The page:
Do Asexuals Belong Under the Queer Umbrella?

It’s a delicate and still-debated question.

A person holding an asexual (black, gray, and purple) flag.
PeskyMonkey/iStock/Getty Images Plus

This post is part of Outward, Slate’s home for coverage of LGBTQ life, thought, and culture. Read more here.

When we think of what makes a person or group of people “queer,” a common understanding is their having a sexual orientation and/or gender identity that separates them from the heterosexual, cisgender majority. But what about asexuals—those folks who don’t experience sexual attraction toward others? Are “aces” part of the queer community, too? In this month’s episode of Outward, Slate’s LGBTQ podcast, the crew tackles that question with Angela Chen, a journalist and asexual activist who’s just written a book on the subject: Ace: What Asexuality Reveals About Desire, Society, and the Meaning of Sex. A portion of the discussion is transcribed below. It has been edited and condensed for clarity.

Rumaan Alam: One of the subjects of your book is an artist named Lucid Brown, who describes coming across a letter to Dear Abby from an asexual reader. And they describe seeing this letter in the newspaper at age 13 and then stealing the newspaper from the dining room table. This felt really, really familiar to me as someone who was once a gay teen reading the tea leaves of the culture for some validation of the self. I’d love to hear you talk about the tension or the complication around understanding ace identity as fitting under the queer umbrella.

Angela Chen: I think that’s a delicate question. I have a line in the book that’s a little bit of a throwaway line, and maybe I should have elaborated on it more, where I say that today, overall, asexuality is accepted as part of the queer umbrella, of the broader LGBTQ+ umbrella, but it feels conditional in many ways. I think there is a discussion around whether people who are ace and heteroromantic—romantically attracted to the opposite gender—should be considered queer. I believe that aces are queer, but I wanted to point out that in some ways, this is not a simple question. I think that there is this understanding, this idea that because asexuality in many ways is invisible and invisibility gives you this form of protection, it feels like you don’t need to come out. It feels like if you’re on the street with your partner, many times, you are not going to be a target in the same way. In many ways, being asexual doesn’t require feeling like you need to hide yourself in the way that has been the case for the other identities in the queer umbrella.

And so I think that there is that discussion: Where does asexuality fit? What connects people in the queer community? What does that mean? There is also this question of resources and a feeling of scarcity. So every ace activist has always said, “We don’t want to take resources away from people who are trans or people who are homeless. It doesn’t seem like this competitive thing to us.” We’re not saying we’re the most oppressed, but we feel like we are in many ways outside of heteronormative, straight culture, and we want to build coalitions and we want to be part of that.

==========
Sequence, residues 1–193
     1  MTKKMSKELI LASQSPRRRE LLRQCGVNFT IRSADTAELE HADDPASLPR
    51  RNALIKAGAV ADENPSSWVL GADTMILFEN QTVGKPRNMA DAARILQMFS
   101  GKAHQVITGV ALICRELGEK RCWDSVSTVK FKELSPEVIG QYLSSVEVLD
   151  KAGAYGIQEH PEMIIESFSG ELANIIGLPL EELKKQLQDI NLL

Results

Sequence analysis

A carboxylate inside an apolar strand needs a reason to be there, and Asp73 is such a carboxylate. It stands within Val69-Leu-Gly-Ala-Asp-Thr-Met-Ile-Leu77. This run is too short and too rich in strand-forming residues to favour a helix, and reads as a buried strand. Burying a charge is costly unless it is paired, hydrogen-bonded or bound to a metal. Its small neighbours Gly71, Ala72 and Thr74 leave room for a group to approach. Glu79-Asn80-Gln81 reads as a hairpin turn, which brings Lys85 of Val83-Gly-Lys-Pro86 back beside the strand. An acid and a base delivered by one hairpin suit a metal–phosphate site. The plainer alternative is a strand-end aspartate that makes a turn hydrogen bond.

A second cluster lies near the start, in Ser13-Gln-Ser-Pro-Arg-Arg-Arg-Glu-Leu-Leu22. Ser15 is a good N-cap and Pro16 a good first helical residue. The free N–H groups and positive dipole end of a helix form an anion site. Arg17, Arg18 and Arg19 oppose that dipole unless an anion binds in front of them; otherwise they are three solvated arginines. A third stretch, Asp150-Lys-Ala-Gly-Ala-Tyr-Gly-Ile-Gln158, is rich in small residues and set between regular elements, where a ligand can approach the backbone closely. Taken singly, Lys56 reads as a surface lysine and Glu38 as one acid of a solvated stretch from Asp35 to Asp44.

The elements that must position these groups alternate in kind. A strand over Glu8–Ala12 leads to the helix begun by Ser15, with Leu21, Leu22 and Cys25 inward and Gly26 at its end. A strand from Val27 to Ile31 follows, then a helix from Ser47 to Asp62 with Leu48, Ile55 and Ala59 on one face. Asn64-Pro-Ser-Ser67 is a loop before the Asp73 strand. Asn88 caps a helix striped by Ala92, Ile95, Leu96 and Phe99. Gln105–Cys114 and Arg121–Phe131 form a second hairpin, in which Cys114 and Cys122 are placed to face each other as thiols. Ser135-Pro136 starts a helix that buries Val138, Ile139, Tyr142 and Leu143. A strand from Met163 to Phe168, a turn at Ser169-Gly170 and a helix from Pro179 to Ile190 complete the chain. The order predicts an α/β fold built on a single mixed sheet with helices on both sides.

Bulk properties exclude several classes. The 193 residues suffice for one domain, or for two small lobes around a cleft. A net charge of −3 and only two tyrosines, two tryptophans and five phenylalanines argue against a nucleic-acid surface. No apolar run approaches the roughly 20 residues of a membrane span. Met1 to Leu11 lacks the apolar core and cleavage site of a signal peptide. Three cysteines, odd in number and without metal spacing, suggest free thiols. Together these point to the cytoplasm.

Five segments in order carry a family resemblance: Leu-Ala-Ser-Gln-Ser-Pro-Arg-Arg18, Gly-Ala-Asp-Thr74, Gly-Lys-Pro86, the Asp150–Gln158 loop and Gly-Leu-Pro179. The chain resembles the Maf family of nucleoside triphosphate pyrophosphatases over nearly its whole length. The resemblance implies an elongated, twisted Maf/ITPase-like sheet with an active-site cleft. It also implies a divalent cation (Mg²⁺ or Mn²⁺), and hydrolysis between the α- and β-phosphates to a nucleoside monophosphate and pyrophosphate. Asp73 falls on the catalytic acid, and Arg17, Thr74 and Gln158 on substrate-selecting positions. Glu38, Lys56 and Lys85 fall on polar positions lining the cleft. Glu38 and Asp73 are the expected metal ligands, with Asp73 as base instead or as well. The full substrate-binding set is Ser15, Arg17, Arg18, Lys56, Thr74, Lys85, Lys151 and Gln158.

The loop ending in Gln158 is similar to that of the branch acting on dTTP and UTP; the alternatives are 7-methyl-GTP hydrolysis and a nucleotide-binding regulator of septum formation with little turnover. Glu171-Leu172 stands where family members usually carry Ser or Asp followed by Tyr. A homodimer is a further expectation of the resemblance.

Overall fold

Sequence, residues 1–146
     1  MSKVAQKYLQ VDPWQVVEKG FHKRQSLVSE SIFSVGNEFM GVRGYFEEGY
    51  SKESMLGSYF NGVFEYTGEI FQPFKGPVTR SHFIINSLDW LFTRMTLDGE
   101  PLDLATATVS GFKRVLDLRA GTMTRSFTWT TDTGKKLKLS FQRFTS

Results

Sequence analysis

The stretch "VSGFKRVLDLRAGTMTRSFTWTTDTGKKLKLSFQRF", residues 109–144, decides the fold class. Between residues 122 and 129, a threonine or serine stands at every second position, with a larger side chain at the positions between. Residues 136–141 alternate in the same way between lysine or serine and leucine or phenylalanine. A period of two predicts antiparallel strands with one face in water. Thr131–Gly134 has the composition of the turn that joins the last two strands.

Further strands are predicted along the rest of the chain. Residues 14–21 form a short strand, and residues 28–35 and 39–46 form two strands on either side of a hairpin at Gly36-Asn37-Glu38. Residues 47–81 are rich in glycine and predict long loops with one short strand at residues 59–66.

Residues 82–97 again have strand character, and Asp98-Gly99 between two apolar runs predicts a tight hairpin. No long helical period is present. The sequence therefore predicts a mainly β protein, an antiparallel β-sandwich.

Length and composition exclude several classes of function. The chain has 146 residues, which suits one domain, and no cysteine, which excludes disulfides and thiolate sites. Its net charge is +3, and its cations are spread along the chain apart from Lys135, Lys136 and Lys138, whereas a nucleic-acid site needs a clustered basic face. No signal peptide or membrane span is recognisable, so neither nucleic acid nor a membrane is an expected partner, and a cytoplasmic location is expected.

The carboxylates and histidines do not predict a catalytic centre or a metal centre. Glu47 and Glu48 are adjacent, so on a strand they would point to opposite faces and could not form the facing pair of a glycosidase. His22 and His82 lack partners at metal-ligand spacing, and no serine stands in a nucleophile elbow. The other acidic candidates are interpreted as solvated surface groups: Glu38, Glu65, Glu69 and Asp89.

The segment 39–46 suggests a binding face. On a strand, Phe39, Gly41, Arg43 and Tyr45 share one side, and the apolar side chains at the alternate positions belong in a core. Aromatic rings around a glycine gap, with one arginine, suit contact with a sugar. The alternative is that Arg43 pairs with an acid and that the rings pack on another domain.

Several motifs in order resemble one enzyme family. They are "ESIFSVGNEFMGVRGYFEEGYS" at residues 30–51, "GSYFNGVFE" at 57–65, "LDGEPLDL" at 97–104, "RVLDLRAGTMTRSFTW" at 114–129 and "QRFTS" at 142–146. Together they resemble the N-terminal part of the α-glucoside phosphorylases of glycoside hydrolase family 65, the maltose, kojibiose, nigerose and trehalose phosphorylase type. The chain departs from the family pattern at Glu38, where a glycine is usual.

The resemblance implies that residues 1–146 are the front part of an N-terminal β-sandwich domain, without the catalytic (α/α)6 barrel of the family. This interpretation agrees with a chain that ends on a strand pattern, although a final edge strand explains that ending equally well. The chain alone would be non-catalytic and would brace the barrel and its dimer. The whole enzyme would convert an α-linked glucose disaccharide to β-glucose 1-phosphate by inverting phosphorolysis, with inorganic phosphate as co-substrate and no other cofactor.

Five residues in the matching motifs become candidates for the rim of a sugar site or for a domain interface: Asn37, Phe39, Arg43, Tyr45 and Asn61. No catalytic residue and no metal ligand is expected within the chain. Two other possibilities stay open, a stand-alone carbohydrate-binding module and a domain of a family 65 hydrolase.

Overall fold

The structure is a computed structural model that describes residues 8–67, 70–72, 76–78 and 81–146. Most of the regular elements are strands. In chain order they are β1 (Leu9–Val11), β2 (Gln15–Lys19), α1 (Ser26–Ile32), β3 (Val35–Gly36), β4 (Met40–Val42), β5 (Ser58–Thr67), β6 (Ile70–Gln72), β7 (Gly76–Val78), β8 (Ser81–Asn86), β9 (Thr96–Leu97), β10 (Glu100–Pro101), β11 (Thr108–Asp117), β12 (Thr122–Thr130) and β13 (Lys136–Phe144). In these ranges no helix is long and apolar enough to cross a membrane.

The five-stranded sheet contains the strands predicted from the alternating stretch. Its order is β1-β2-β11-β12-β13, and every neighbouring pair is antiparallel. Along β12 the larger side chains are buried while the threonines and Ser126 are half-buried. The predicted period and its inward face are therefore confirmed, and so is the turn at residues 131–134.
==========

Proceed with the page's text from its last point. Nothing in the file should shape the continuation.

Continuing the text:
But despite that, I think many aces, especially heteroromantic aces, struggle with feeling queer enough. Almost every hetero ace I’ve spoken to has said, “Oh, I completely support all other hetero aces identifying as queer if they want, but I feel afraid because I feel like am I taking away from the struggle?” So I think these discussions around gatekeeping, what actually connects the community, are very, very much alive here. And also I want to mention, of course there are people who are ace and biromantic. There are people who are ace and nonbinary trans. So, the ace community itself is very diverse and there is a lot of cross-cutting identities.

Bryan Lowder: In the book you introduce the term “compulsory sexuality.” We know that the term “compulsory heterosexuality” comes from Adrienne Rich, but can you explain how this other term builds on that?*

Absolutely. I think it’s just the idea that everyone who is “normal” wants sex and desires it. The example that I always think of is a person I interviewed, someone named Hunter, who grew up in this religious environment, and he is hetero. He is only attracted, romantically attracted to women. So he fulfills the compulsory hetero part of going through heterosexuality, but it was sexuality itself. Even though he’s attracted to women, he wasn’t super into sex, and that made him feel like there was something wrong with him. That everything he had been taught about how good sex was and how you were only an adult if you loved sex and how you’re only a real man if you loved sex, that really made him feel like he was broken.

I think that is an easy way to understand that. And there’s so many other examples, like low sexual desire is medicalized. The FDA is trying to sell and approve drugs for low sexual desire. And of course, that’s telling you that there’s something wrong with you. Or for women again, if you say that you’re not that into sex, oftentimes very well-meaning people will say, “Oh, you just need to free yourself from shame. You need to, like, be in touch with your true self and throw off the chains of patriarchy”—which is definitely true sometimes. But sometimes you’re just not that into sex and it doesn’t mean that there’s anything wrong with you or that your life is going to be worse if that’s not a source of pleasure for you.

Listen to the full conversation with Angela Chen below, and subscribe to Outward on Apple PodcastsSpotifyStitcher, or wherever you get your podcasts.

Correction, Sept. 24, 2020: This post originally misstated that Angela Chen had coined the term “compulsory sexuality.”